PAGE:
Edwidge Danticat’s latest short story collection, Everything Inside, chronicles the unimaginable losses faced by Haitians, mostly those living in diaspora communities such as Miami’s “Little Haiti” and Brooklyn, giving us characters who discover agency amidst brokenness.
Grief, forgiveness and losses of all kinds are present in these eight tales: break-ups between lovers and friends; memory loss from Alzheimer’s; deaths of spouses and children in earthquakes, by miscarriage and cancer; the death of idealism among those trying to help; losses of home and of limbs. Danticat is an accomplished Haitian-American novelist, memoirist and short-story writer who peppers religion — Catholicism and evangelical Christianity as well as Vodou — throughout her writing, giving her characters a transcendent depth as they seek to overcome these living nightmares.
My interest in Haiti and its people began when I was in high school and babysat for two girls adopted from that country. With their family I attended a Haitian cultural weekend where I learned more about the losses suffered among the diaspora. Though I was well on my way to converting to Catholicism, I also witnessed my first outdoor Mass, experiencing the energy that comes with the integration of music and language that is culturally relevant to those gathered. It was the first time I was able to see resurrection in the midst of sorrow. I’ve since read most of Danticat’s writing and as well as that of other Americans who write about Haiti — Paul Farmer, Jonathan Katz and Amy Wilentz, to name a few.
After the 2010 earthquake that killed as many as 300,000 people, I traveled to the country’s capital city, Port-au-Prince, to learn more about the people and the work of recovery. I spent time at the headquarters of Catholic Relief Services (CRS) and toured transition shelters and camps. While meeting the people, I was deeply anguished by the physical destruction all around us — the collapsed governmental palace, the ruined cathedral and the piles and piles of debris. One development project stood out to me. CRS had initiated a rubble-crushing program, creating jobs. I saw workers cranking a small machine to turn the devastation into sand and gravel to sell. They were birthing something new, however small.
Ten years have gone by since the earthquake, with unfortunately little progress. Port-au-Prince’s Notre Dame de l’Assomption Cathedral has not been rebuilt. Horrendous sins have been committed by the United Nations and the Haitian government. The Haitian masses, like they have always done, are again rising up in protest against oppression.
Danticat commends them and joins in their struggle. Her brilliance in Everything Inside is the book’s message of survival amidst turmoil and the love Haitians have for their country despite its regular betrayal of them.
In “Dosas,” Elsie, a young home health nurse assistant in Miami, is swindled by her ex-husband into handing over her life savings as a ransom for his new lover’s fake kidnapping. Once she finds out that the lover, her former friend, is very much alive, she wonders whether Haiti is now safer somehow, whether she herself could go back there, and justifies her ex-husband’s actions based on his own longing to return. “Some people just want to go home, no matter what the cost. Some people would do just about anything to go home.”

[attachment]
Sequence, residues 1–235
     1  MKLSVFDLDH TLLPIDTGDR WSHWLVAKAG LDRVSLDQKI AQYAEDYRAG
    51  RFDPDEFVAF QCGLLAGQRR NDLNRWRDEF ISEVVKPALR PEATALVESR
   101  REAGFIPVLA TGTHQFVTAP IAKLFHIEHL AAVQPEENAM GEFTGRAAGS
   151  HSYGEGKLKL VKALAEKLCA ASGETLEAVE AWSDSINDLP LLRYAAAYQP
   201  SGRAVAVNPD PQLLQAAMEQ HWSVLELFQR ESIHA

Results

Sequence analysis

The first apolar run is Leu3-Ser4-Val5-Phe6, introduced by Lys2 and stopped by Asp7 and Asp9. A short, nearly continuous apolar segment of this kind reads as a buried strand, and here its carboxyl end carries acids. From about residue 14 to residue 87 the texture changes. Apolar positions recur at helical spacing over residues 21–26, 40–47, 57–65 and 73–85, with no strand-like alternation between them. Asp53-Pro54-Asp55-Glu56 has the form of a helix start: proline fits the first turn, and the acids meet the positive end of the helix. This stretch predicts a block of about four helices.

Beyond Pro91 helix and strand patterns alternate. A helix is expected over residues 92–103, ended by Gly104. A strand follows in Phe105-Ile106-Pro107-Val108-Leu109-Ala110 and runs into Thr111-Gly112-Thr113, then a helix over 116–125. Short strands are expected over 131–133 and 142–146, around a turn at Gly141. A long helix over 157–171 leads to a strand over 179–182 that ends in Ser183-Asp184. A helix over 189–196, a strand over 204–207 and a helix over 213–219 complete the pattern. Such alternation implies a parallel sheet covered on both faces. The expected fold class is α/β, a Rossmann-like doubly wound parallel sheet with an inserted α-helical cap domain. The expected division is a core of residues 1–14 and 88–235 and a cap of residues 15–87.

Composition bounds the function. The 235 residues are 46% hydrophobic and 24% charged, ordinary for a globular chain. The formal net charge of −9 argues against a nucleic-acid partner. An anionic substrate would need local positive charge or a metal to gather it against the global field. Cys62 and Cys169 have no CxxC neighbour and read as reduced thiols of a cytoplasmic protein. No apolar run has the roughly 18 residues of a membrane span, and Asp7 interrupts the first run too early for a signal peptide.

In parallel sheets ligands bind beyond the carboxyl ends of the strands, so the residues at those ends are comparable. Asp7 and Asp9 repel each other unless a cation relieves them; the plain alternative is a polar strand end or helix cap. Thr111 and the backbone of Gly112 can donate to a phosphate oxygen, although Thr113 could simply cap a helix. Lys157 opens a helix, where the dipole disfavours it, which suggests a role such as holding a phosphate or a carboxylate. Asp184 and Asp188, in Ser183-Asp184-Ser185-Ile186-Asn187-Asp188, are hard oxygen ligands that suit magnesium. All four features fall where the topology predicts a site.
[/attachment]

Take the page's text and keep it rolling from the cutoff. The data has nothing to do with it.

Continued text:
Danticat develops her characters fully, probing them psychologically and spiritually. She intermingles grace and the grotesque in a way reminiscent of Flannery O’Connor and evident in “The Gift.” Anika and Thomas embrace the act of remembering in order to piece life back together after the earthquake. The two were embroiled in an affair when Thomas’ wife and child were killed in the disaster. Thomas himself lost a limb, and Anika tries to win him back, yearning to tell him about their unborn child, whom she miscarried.
An artist, Anika wonders: “When you paint an earthquake, do you paint soil monsters devouring the earth? Shattered houses? Bloody, lifeless bodies? Random personal items — T-shirts, dresses, shoes, hair combs, and toothbrushes — scattered above the rubble? Do you paint cemeteries and grave makers and distraught mourners weeping over them? Do you paint crosses, wilted dust-covered flowers, or vibrant bright red ones, for hope?” She settles on sketching the wife and daughter as birds born again. Thomas recoils, refusing the gift, confronting his and Anika’s sinfulness and complicity in the affair. He shows Anika his prosthetic leg as a way of moving toward closure in their relationship. Anika ends the night drinking wine alone, murmuring a chant from a ceremony she witnessed on the night of the earthquake: “Pou sa n pa wè yo. For those we don’t see. For those who are not here.”
I needed to read this book to be reminded that we cannot look away from suffering. We must face the reality of those who suffer, those who are dead, in order to claim our right to be among the living. I’m grateful Danticat’s stories do this remembering so well.
Arlene Montevecchio is director of the Center for Spirituality at Saint Mary’s College.